Despite bombs, "Chicago" razzle dazzles in Pakistan
By Sahar Ahmed
KARACHI (Reuters Life!) - Braving a spate of bombings targeting the arts, Roxie Hart and Velma Kelly are shimmying on stage in a Pakistani production of "Chicago," a rare foray into Broadway-style theater in this conservative Muslim nation.
The play, a satire on corruption and celebrity set in 1920s free-wheeling Chicago, is being put on by Pakistani human rights lawyer turned director Nida Butt, who also helped choreograph the dance sequences which, like the original production, feature the actresses in short, revealing dresses.
"You are scared but you cannot stop doing what you love," Nida Butt told Reuters.
"I'm thinking about my art, my work and my passion along with the 200 people standing behind me," said the 27-year-old who studied law in Britain, referring to her cast and crew.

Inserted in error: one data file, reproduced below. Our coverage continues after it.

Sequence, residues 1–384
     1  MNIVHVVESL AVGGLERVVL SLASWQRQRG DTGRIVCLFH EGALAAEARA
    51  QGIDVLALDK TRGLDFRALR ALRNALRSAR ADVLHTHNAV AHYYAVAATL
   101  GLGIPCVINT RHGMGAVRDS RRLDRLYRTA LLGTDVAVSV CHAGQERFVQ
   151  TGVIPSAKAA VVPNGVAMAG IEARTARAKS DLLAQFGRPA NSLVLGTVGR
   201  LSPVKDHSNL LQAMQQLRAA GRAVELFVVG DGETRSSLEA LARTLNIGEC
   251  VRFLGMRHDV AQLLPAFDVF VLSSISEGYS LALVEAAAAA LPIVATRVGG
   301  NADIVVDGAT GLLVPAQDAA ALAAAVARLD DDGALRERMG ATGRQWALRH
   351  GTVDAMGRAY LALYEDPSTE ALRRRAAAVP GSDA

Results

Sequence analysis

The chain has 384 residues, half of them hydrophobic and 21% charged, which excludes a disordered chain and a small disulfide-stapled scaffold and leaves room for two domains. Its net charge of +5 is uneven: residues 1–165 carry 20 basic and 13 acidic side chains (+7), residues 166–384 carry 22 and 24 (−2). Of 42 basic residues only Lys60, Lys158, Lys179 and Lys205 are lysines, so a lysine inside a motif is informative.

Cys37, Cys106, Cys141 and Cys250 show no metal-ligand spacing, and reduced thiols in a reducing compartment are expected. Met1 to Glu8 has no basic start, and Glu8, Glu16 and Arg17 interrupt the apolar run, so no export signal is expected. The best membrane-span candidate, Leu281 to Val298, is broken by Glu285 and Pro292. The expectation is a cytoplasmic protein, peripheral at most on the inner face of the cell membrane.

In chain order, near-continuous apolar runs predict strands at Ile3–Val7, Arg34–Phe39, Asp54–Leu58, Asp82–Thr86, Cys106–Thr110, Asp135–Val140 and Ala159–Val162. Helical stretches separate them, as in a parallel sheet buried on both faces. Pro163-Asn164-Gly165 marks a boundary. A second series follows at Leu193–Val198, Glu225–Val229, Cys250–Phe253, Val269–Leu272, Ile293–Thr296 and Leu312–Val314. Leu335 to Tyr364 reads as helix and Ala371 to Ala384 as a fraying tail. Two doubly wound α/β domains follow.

Pakistan, locked in a longstanding battle with al Qaeda and Taliban Muslim militants, has seen a wave of attacks targeting artistic and cultural venues in recent months.
In January, six small explosions went off outside theatres in Lahore, Pakistan's cultural center, wounding at least five people. These follow three small blasts that went off outside another cultural center in the same city in November.
There was no claim of responsibility.
The majority of Pakistan's 160 million people are moderates, but some hardliners, like the Taliban, oppose all music, film, and television. "Chicago" is likely to raise the militant's ire as it features drunkenness, murder and dancing. Continued...